I don’t know how technologically inclined you are, so I will ask this simple, rhetorical question: What is ransomware?
The answer is: Ransomware is a form of cyber-attack in which criminals take control of your computer’s files and block access to them until you pay a fee to release them.
Cybercriminals gain control of your files by placing malicious software on your computer. They can accomplish this goal in several ways; however, these are the two most common methods:
- You open an attachment in an email, either a Microsoft Word document or an Adobe PDF file that contains a worm or a Trojan.
- You click on a link in an email.
Here’s a summary of what happens next.
Once the malicious software is downloaded to your computer, one element will contact a “command and control” server on the internet to obtain a unique key. Another element then executes and uses that key to encrypt your files. To accomplish that task, it takes the contents of your files and turns each one into a mass of numbers and letters that your computer’s programs cannot read. After all that mayhem is complete, one of the rogue software elements sends a confirmation to the cybercriminal.
In some cases, before your files are encrypted, the cybercriminals will copy them to the internet. Part of the extortion message you receive may include a statement that they will release your confidential information to the public. This message is designed to be an added incentive to make you pay “full freight” to get the decryption key. In some reported instances, victims have been known to bargain for a lower fee and have successfully reduced the amount of the ransom.
How Does All This Happen?
Two of the main components that allow ransomware to run wild are Emotet and Trickbot.
Emotet is malicious software that is categorized as a Trojan, which means it appears as something innocuous; however, it carries an undesirable harmful payload. Initially, it was designed to steal banking credentials. Later iterations added features including money transfer and evasive functions.
Emotet arrives primarily in phishing attacks via emails that contain malicious links or Microsoft Word files that contain macros.
Once Emotet is on a computer, it attempts to establish persistence on the computer and then propagates through the local network via spreader modules. When it is activated, it will connect to the command and control server to report a new infection. It receives configuration data, downloads and runs files, receives instructions, and then uploads the requested data to the command and control server. The instructions it receives can launch other forms of malware based on the criminals’ intent and goals.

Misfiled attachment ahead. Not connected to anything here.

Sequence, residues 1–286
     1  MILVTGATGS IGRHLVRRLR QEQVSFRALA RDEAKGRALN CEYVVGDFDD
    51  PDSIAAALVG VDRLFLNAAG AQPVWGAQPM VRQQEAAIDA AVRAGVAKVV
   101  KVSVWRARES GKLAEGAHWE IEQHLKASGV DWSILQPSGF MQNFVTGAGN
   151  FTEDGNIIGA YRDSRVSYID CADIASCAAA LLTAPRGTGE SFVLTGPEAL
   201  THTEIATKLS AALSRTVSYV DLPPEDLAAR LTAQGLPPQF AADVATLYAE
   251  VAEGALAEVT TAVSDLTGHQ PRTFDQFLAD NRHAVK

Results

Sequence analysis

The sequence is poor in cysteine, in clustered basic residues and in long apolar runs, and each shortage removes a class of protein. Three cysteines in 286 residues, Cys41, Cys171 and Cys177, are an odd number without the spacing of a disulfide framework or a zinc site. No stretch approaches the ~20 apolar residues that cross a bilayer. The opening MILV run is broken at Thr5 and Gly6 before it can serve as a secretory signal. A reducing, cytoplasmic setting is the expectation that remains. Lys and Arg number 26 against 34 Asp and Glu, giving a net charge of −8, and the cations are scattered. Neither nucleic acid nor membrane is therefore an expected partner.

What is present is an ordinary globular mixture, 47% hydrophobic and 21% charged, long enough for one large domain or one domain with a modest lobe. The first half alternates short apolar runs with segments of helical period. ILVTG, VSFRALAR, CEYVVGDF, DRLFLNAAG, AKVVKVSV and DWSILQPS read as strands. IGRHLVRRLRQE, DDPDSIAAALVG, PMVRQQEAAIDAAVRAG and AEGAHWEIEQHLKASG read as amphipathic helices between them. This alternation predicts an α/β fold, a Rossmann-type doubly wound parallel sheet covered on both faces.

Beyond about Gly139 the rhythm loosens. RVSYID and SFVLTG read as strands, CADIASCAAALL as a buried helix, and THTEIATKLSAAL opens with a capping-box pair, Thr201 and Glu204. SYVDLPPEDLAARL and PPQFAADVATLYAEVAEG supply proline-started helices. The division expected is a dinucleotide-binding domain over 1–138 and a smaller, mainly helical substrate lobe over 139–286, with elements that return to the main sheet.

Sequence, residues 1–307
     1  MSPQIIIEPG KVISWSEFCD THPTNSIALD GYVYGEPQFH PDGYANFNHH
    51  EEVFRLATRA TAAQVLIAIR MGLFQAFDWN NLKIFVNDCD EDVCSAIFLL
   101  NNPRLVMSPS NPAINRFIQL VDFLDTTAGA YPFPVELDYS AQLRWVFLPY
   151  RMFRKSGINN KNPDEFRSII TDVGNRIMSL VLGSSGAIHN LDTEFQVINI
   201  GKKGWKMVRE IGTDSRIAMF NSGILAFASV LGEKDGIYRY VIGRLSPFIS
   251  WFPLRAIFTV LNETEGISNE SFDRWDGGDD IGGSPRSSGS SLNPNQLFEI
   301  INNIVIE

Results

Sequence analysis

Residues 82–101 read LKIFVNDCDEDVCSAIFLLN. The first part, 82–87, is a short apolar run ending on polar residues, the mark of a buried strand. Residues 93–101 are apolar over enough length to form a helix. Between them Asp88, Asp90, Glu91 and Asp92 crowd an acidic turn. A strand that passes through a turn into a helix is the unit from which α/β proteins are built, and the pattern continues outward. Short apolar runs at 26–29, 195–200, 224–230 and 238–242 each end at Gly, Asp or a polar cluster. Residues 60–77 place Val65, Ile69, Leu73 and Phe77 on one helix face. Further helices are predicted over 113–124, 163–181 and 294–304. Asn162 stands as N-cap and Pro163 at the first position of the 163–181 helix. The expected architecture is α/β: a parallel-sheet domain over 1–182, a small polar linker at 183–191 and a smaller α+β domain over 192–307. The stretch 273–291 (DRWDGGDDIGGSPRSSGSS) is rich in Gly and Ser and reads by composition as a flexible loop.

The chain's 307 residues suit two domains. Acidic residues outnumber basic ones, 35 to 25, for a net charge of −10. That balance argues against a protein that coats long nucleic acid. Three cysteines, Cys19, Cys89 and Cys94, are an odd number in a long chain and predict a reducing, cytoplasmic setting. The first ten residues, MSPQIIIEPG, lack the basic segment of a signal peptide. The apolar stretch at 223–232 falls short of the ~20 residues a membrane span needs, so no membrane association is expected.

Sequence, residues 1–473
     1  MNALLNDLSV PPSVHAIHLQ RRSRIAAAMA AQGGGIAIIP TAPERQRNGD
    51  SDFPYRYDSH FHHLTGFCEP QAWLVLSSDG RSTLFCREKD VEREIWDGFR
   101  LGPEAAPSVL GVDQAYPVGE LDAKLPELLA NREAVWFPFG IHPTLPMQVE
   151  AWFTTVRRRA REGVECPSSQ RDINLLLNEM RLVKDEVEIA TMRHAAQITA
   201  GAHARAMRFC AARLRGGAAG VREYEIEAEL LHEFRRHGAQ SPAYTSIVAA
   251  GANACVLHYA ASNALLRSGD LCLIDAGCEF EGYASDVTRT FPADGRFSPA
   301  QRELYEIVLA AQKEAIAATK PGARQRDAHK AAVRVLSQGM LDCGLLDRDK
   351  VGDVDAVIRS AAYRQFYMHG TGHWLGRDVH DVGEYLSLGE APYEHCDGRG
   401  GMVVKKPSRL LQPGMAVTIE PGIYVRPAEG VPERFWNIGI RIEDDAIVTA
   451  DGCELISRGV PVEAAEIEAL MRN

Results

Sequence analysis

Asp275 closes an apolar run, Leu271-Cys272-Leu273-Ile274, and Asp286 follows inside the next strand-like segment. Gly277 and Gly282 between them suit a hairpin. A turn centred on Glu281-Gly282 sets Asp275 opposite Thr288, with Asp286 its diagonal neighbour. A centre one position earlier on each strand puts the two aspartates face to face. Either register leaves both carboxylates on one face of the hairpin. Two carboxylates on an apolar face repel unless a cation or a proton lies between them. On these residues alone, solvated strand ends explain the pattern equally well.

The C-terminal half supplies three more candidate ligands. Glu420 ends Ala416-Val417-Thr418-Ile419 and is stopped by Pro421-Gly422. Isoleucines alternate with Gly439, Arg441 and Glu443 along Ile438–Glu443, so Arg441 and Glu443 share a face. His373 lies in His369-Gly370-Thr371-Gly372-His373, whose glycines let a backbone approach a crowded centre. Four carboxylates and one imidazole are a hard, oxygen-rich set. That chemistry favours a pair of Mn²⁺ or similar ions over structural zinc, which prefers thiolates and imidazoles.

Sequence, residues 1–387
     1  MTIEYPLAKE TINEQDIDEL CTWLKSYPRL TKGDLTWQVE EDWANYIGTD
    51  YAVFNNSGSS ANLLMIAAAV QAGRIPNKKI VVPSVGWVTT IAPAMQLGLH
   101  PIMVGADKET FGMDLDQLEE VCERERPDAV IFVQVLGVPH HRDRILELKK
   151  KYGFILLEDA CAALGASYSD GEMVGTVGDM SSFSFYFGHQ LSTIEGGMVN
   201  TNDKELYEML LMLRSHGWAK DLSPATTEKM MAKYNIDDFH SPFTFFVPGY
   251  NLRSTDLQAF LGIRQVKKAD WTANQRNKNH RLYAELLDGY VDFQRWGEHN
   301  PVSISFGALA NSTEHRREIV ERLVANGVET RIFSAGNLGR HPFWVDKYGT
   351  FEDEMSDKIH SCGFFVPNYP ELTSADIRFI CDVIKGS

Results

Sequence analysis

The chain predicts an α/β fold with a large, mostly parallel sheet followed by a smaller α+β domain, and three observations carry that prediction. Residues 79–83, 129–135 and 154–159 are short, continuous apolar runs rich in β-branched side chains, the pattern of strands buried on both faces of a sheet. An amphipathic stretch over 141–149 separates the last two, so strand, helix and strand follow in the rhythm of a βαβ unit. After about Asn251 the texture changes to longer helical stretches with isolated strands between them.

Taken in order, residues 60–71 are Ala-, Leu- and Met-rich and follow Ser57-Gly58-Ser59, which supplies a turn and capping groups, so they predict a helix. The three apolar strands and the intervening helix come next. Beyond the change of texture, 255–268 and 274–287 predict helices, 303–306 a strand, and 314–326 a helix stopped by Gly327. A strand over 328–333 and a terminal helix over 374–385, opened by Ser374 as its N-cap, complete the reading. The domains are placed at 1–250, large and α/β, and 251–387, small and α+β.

The fact that Emotet is easily released on an unsuspecting victim makes it a very serious threat. Bad actors can send a phishing email to millions of email accounts. Probability theory dictates that someone, somewhere, will click on the link or download the file and thus become infected. For any business – large or small – all it takes is one email to reach its target, and all the computers in the company could become compromised.
The Cybersecurity & Infrastructure Security Agency (CISA) reports that Emotet “can evade typical signature-based detection.” It is virtual machine aware and “can generate false indicators if in a virtual environment.” This means that the typical “sandbox” features used by some advanced security software may not be able to identify it.
Trickbot is another Trojan that uses various modules to attack a computer. These attacks include obtaining banking credentials and exfiltrating data.
The primary way in which Trickbot establishes persistence is by creating a scheduled task that runs with System privileges. The task is set to run at startup and repeatedly after that. The malware extracts and executes its code before contacting the command and control server. Trickbot’s program contains an initial encrypted list of servers to contact. Once a connection is established, it receives an updated list, and those servers have various modules and configuration files.
After it has started, Trickbot will steal passwords, steal email information, deploy web injections, and spread to other devices on the network.
What Does This Mean To You?
By now, I’m sure your eyes are glazing over, and you are wondering why I am subjecting you to this discourse.
We live in a world of coronavirus now, and unfortunately, the threat and associated risk of COVID-19 is everywhere — and equally, unfortunately, it is not going away any time soon. Cybercriminals will soon be counting on the turmoil and rampant misinformation about vaccines to lure the unwary into dangerous territory.
Wearing a mask, keeping your distance, and washing your hands will help lower your risk of getting the virus. For similar reasons, if you receive an email with an attachment, especially from someone you don’t know, you must always exercise caution!
The steps these malicious programs take on your computer occur extraordinarily fast — usually in less than a minute. You may not know that something terrible has happened until you see the ransom demand on your desktop.
It is because of programs like Emotet and Trickbot, along with others, that you must make sure you use next-generation advanced endpoint solutions to protect your computers and networks.